Red flag in the Red Corridor. Army camp proposal rattles Maoists


By Avalok Langer

Green hunt The proposed warfare school is on a bigger scale than the CIJWS
Green hunt The proposed warfare school is on a bigger scale than the CIJWS
Photo: AFP

THE MAOISTS in Chhattisgarh are becoming increasingly tense as the army carries out a survey of the area in Narayanpur district the state government has earmarked for its jungle warfare school. The second in the country — the first was set up in Vairengte, Mizoram, in 1970 — the military school will not be a fighting unit. However, the army will be well dug in, fortified and a solid defensive unit.

Though the ‘rules of engagement’ are yet to be set by the home ministry, under the Indian Penal Code and the Criminal Procedure Code, the army can fire in self-defence if attacked. As a Maoist press release sent out on 22 January stated, “Though the army is saying they will fire only in self-defence, everyone knows that using self-defence as an alibi, the truth of who attacks first will remain lost in the jungle.”

The military school, which will be situated on the edge of the Maoist-controlled Abujmarh forest, has been pegged as the ‘first contact’ between the army and the Maoists. No wonder the news has fuelled speculation of a full-scale military deployment against the Maoists.

The state government has already set up a Counter- Terrorism and Jungle Warfare College under the command of Brig (retd) BK Ponwar (former commandant, Counter-Insurgency and Jungle Warfare School) to train police personnel.

Though the army has categorically stated that it will not participate in anti-Maoist operations and that their role and infrastructural orientation will be restricted to training, military experts and Maoists alike suggest that the direct and indirect implications of a 600-900 sq km army school in the heart of Maoist territory is huge — boosting morale, bringing roads, schools and fostering a local economy.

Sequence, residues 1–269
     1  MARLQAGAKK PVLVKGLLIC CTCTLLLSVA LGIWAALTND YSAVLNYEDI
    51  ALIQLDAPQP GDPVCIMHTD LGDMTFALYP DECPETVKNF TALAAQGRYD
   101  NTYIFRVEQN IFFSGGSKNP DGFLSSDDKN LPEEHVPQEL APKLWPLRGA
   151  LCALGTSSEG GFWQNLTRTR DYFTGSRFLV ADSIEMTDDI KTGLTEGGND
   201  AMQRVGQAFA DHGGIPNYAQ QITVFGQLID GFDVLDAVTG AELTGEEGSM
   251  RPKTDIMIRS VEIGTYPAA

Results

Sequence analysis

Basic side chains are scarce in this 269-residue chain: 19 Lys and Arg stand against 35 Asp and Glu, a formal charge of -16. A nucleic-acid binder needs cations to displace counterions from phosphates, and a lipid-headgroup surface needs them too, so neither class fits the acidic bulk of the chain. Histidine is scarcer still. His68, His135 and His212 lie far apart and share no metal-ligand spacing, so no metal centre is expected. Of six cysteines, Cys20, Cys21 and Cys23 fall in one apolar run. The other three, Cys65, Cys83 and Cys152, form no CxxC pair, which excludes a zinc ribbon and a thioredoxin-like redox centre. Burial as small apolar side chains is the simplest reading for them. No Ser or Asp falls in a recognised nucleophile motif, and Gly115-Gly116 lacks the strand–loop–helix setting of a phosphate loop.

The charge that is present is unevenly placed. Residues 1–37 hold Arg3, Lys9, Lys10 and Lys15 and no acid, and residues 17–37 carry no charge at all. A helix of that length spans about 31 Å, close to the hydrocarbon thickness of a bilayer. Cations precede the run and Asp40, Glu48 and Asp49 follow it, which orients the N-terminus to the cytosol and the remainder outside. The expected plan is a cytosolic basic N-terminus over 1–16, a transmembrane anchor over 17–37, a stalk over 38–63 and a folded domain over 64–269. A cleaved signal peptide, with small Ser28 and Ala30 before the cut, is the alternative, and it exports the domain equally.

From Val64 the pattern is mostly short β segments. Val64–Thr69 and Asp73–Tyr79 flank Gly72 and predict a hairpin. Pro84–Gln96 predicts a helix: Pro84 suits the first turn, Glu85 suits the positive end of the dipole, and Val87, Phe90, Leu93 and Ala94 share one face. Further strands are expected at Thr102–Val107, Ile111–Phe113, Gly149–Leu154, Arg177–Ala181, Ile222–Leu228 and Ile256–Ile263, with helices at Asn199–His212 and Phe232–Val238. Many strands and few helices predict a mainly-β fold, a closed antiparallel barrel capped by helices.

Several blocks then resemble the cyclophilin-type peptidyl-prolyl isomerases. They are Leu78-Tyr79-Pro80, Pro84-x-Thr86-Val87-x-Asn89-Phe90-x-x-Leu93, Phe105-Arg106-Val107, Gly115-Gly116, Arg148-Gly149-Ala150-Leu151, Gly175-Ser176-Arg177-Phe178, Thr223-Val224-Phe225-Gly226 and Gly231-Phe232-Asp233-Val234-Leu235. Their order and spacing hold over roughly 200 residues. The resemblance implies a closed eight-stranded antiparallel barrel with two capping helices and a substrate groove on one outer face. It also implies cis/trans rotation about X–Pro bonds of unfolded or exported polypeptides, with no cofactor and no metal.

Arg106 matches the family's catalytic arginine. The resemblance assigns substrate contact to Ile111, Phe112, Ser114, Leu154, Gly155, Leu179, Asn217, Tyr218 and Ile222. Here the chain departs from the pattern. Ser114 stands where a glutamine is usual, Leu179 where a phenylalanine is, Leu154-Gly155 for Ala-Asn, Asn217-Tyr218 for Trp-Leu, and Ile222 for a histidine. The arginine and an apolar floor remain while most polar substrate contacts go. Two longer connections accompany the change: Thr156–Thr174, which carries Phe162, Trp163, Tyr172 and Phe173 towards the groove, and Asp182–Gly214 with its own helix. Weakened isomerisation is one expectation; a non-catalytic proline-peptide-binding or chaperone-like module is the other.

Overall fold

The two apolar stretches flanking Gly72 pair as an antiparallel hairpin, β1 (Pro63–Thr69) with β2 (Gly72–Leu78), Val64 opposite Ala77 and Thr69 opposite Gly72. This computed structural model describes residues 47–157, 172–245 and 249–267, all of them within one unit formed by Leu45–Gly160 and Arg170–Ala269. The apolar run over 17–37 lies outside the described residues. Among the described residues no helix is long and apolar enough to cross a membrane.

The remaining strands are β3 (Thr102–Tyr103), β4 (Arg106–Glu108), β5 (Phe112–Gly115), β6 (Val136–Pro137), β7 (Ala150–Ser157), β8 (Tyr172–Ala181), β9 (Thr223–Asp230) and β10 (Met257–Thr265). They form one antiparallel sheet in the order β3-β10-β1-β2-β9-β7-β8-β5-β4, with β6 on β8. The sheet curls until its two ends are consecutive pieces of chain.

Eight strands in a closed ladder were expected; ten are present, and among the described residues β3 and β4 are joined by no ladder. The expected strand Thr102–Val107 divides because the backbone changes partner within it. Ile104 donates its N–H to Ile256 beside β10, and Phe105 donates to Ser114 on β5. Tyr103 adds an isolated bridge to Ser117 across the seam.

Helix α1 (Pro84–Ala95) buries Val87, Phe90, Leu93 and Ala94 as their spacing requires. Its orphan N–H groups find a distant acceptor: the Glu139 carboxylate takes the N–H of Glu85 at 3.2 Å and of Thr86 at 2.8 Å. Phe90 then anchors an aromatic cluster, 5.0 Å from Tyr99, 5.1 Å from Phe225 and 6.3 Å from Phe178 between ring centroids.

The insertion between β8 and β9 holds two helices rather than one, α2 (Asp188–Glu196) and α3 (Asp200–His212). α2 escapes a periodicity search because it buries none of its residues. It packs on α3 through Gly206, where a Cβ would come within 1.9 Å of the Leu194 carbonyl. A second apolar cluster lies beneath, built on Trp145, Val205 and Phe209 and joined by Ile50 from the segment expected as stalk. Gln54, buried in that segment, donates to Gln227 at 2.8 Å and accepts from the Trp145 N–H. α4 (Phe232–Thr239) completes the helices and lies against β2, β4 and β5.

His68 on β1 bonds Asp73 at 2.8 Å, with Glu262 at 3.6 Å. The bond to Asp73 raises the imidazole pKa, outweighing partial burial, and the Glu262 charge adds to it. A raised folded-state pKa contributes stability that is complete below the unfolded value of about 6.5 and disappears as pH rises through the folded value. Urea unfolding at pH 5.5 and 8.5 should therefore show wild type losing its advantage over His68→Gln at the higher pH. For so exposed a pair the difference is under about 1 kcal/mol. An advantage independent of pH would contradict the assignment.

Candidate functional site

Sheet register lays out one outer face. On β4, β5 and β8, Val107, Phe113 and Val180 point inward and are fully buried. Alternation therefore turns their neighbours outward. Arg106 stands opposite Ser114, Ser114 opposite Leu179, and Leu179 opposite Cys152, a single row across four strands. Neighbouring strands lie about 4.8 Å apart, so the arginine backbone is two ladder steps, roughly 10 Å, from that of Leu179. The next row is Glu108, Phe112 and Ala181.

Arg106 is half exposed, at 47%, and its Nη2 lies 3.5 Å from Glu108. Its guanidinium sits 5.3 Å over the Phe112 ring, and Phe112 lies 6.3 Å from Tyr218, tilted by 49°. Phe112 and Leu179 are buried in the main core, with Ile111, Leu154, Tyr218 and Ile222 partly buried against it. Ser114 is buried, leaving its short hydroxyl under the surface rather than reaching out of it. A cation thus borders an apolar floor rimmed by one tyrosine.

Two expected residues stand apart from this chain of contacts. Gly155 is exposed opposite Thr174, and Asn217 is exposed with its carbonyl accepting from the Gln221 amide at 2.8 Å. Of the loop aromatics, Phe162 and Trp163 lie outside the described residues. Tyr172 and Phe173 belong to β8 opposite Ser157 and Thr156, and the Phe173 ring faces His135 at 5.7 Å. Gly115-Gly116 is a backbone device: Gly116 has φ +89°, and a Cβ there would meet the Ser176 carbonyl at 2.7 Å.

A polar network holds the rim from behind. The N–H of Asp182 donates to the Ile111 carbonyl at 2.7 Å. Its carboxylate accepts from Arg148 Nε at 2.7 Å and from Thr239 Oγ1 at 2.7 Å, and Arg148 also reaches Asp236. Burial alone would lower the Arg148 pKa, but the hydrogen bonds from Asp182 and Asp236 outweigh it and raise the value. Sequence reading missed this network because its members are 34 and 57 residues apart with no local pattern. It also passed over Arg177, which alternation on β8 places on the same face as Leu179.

Commenting on the school’s location in a Naxal stronghold, Ponwar said, “The Vairengte camp was set up in an area where the rebels were active. But despite its close proximity to the underground camp, it was never attacked by the insurgents.”

An army officer explained, “Due to the shrinkage of training areas caused by urban and rural expansion, there have been talks over the past 10–15 years with various state governments on the availability of training areas away from the population centres. Narayanpur and Raigarh have been offered by the state government and not selected by the army.”

Ironically, the Maoists are calling this an ‘illegal occupation’ and warning that it will lead to a civil war. They have appealed to the masses to “pick up whatever weapons they can” to fight the army.

They kidnapped five policemen on 25 January demanding, among other things, that the setting up of an army school be halted. But they would not mount a direct attack, says Lt Col (retd) RSN Singh, as in his view the Naxals only attack “when they know that their success is guaranteed”.

Military sources explained further. “There are two patterns that have emerged in Maoist tactics. First, they follow the classic tenet of avoiding major conflict for area domination. Like a ‘touch-me-not’, they shy away from contact and expand into areas of isolation. Second, after the Dantewada massacre, the CRPF has adopted a ‘fortress mentality’. Operating out of fortified camps, they may have lost out on area domination, but it has been seen that Maoist are less willing to attack a fortified, well-defended CRPF camp.”

GIVEN THAT the terrain of Chhattisgarh is different from the Northeast and Jammu & Kashmir, it would be suicidal for the Maoists to carry out ambush and IED attacks on the army’s perceived soft targets: convoys, road opening parties (ROP) and outposts. That’s because despite the presence of hills, the terrain in Chhattisgarh is much flatter, so the difference between the visual distance and the on-ground distance is minimal. An attack on an army convoy of 20-30 trucks with armed personnel or an ROP interlinked through radio would result in Maoist casualties, breaking the central tenet of guerrilla warfare — inflict losses without incurring casualties.

When asked if the army is discounting Maoist aggression, an army officer clarified, “We are sure that there will be no interference in our training activities.”

Talking about the indirect impact of the army’s presence, Singh said, “The army will not only establish the writ of the State, but with the army comes development. Like in Leh and Arunachal, roads will be built, cleared and held — keeping them open. A local economy will be created. Schools will come in. Civil actions teams will be sent in. The local people will benefit.”

Ponwar believes that while the army’s presence serves as a morale-booster for the paramilitary forces, it will also push the Maoists into a corner, giving a psychological advantage to the State.


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